Letters 3. To measure improvement, the authors used a 100-mm visual analog scale and not one of the validated tools for measuring effectiveness in nausea and vomiting in pregnancy.3 4. The sample size of the study (18/arm) is grossly suboptimal to discern effects. It has been shown repeatedly that randomized controlled trails with small sample sizes are more sensitive to bias against the null hypothesis. 5. There are still major unresolved issues around maternal and fetal safety of ondansetron that must be acknowledged.4 Speciﬁcally, new studies show increased cardiovascular malformation risks.5
Ondansetron Compared With Doxylamine and Pyridoxine for Treatment of Nausea in Pregnancy: A Randomized Controlled Trial To the Editor: Oliveira and colleagues compared, in a double-blind, placebo-controlled trial, ondansetron with doxylamine–pyridoxine for treating symptoms of morning sickness.1 The authors should be congratulated for conducting a study in an area that sees very few studies. There are, however, major issues in the methodology of the study that diminish its clinical interpretation: 1. The authors compare ondansetron with the doxylamine–pyridoxine combination, which are the components of the only U.S. Food and Drug Administration (FDA)– approved drug for this condition. Yet, they did not use the delayedrelease form of doxylamine– pyridoxine, which is critical for its efﬁcacy, but rather an immediaterelease form.2 2. Even more serious, Oliveira et al used only 12.5 mg of doxylamine, which is half of the dose of the H1 blocker contained in the FDA-approved medication Diclegis.2 Guidelines for Letters. Letters posing a question or challenge to an article appearing in Obstetrics & Gynecology should be submitted within 8 weeks of the article’s publication online. Letters received after 8 weeks will rarely be considered. Letters should not exceed 350 words, including signatures and 5 references. A word count should be provided. The maximum number of authors permitted is four, and a corresponding author should be designated (and contact information listed). Letters will be published at the discretion of the Editor. The Editor may send the letter to the authors of the original paper so their comments may be published simultaneously. The Editor reserves the right to edit and shorten letters. A signed author agreement form is required from all authors before publication. Letters should be submitted using the Obstetrics & Gynecology online submission and review system, Editorial Manager (http://ong.edmgr.com).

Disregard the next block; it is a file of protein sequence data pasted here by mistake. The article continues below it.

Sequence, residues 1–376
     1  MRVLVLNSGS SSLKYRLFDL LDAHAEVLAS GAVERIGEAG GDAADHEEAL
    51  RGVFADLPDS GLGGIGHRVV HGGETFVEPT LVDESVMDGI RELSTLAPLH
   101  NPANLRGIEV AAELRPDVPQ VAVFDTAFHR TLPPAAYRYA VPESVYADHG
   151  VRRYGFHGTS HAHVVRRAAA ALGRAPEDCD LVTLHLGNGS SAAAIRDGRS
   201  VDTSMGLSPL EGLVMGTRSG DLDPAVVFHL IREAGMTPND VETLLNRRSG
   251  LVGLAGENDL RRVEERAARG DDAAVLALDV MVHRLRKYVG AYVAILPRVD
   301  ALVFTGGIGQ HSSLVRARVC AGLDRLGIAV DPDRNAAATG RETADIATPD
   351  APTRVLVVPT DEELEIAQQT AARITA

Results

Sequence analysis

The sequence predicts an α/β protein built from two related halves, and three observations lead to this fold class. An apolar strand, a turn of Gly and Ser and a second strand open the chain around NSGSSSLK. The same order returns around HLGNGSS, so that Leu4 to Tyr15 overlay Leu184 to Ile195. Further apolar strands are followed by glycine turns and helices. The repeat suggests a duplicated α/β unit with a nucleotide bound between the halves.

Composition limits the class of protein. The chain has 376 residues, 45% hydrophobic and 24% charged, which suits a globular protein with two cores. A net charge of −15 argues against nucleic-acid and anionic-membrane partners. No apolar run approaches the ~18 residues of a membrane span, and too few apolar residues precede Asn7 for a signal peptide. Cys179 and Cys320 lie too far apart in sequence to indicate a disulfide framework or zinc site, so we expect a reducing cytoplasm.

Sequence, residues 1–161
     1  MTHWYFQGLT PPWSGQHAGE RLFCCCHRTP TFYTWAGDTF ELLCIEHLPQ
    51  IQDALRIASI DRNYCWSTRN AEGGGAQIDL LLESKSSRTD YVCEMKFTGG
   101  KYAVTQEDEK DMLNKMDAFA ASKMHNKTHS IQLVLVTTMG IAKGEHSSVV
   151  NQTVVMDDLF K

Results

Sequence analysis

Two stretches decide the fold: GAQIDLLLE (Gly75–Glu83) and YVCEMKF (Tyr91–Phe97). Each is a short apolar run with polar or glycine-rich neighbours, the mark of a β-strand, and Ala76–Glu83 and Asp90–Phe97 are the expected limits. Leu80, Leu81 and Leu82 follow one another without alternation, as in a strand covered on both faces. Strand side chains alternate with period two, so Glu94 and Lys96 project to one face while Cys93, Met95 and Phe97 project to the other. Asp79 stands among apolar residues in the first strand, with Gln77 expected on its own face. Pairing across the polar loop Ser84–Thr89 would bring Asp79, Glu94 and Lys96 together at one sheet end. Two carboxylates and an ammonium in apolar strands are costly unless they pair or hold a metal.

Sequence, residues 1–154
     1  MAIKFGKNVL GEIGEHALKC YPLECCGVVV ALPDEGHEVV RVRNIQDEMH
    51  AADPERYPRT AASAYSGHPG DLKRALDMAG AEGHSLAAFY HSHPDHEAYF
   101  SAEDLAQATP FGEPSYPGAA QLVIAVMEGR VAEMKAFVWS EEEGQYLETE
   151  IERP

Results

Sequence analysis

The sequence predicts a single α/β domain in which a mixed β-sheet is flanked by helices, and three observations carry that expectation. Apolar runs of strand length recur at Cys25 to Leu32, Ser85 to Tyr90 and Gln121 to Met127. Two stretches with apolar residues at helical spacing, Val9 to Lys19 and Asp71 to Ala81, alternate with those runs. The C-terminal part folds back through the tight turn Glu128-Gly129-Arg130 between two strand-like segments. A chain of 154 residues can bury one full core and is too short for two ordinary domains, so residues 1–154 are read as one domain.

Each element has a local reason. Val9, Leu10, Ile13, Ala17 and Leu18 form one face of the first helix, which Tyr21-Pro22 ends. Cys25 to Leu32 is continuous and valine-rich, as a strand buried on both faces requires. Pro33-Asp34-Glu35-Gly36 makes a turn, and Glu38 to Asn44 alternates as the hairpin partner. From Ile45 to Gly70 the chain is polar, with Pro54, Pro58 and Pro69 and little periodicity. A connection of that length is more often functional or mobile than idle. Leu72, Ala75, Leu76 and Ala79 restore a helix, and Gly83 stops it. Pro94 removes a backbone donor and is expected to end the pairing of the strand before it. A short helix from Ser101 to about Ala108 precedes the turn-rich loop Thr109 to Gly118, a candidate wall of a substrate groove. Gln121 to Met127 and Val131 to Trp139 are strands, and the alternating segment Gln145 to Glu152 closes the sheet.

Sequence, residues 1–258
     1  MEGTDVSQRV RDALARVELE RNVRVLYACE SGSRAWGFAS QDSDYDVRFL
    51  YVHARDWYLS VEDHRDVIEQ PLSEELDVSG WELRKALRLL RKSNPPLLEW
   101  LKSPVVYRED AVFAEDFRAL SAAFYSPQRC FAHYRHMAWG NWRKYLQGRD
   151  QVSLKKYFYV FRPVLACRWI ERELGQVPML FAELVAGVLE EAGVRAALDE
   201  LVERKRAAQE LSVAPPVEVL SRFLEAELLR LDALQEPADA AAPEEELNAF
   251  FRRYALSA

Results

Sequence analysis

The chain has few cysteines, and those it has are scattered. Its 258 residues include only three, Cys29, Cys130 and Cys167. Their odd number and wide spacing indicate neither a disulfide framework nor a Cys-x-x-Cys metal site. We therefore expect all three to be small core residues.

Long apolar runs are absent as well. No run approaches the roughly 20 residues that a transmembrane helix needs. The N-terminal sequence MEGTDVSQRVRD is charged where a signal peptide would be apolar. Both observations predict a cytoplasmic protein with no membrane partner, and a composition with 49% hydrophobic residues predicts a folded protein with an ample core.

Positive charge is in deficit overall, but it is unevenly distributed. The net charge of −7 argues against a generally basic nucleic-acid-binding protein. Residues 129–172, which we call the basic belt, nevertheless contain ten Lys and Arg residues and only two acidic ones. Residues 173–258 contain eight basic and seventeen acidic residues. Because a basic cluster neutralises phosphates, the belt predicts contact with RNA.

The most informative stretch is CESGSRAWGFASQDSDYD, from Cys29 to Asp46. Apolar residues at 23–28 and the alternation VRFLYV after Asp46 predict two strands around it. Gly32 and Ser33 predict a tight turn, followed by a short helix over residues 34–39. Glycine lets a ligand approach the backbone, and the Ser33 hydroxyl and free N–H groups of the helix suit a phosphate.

Financial Disclosure: The authors have been supported by research grants from Duchesnay Inc. producer of Diclegis. Dr. Koren was the co-private investigator of the Diclegis Phase 3 trial.
Gideon Koren, MD, FRCPC Caroline Maltepe, BSc Svetlana Madjunkova, MD The Motherisk program, Division of Clinical Pharmacology and Toxicology, The Hospital for Sick Children, Toronto, Ontario, Canada
REFERENCES 1. Oliveira LG, Capp SM, You WB, Riffenburgh RH, Carstairs SD. Ondansetron compared with doxylamine and pyridoxine for treatment of nausea in pregnancy: a randomized controlled trial. Obstet Gynecol 2014;124:735–42. 2. Madjunkova S, Maltepe C, Koren G. The delayed-release combination of doxylamine and pyridoxine (DiclegisÒ/DiclectinÒ) for the treatment of nausea and vomiting of pregnancy. Paediatr Drugs 2014;16: 199–211. 3. Ebrahimi N, Maltepe C, Bournissen FG, Koren G. Nausea and vomiting of pregnancy: using the 24-hour pregnancyunique quantiﬁcation of emesis (PUQE-24) scale. J Obstet Gynaecol Can 2009;31: 803–7. 4. Koren G. Treating morning sickness in the United States-changes in prescribing are needed. Am J Obstet Gynecol 2014; 211:602–6. 5. Danielsson B, Wikner BN, Källén B. Use of ondansetron during pregnancy and
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congenital malformations in the infant. Reprod Toxicol 2014;50:134–7.
Odansetron Compared With Doxylamine and Pyridoxine for Treatment of Nausea in Pregnancy: A Randomized Controlled Trial To the Editor: It is with interest that I read the article by Oliveira et al.1 The authors compare odansetron with doxylamine plus pyridoxine in the treatment of nausea in pregnancy and conclude that odansetron is superior, suggesting its use as ﬁrst-line therapy for nausea in pregnancy. However, because the study uses only the lowest dose and lowest frequency of both doxylamine and pyridoxine, it may be premature to conclude that odansetron is superior. In the American College of Obstetricians and Gynecologists Practice Bulletin No. 52,2 the authors recommend doxylamine and pyridoxine as ﬁrst-line therapy and suggest a dosage and frequency titration based on the patient’s symptoms. In addition, the combination of doxylamine and pyridoxine has been approved by the U.S. Food and Drug Administration (FDA) as safe for treatment of nausea in pregnancy.3 The FDA has not approved odansetron as safe in pregnancy and has issued warnings about dysrhythmias.4 Before suggesting the ﬁrst-line use of a medication that is not approved by the FDA and has potential risks, there needs to be a more extensive comparison of all suggested dosages and dosing frequencies and resolution of any safety concerns. Financial Disclosure: The author did not report any potential conﬂicts of interest.
Kirstie Cunningham, MD, FACOG Department of Family Medicine, Morehouse School of Medicine, Atlanta, Georgia
REFERENCES 1. LG Oliveira, Capp SM, You WB, Riffenburgh RH, Carstairs SD. Ondansetron compared with doxylamine and pyridoxine for treatment of nausea
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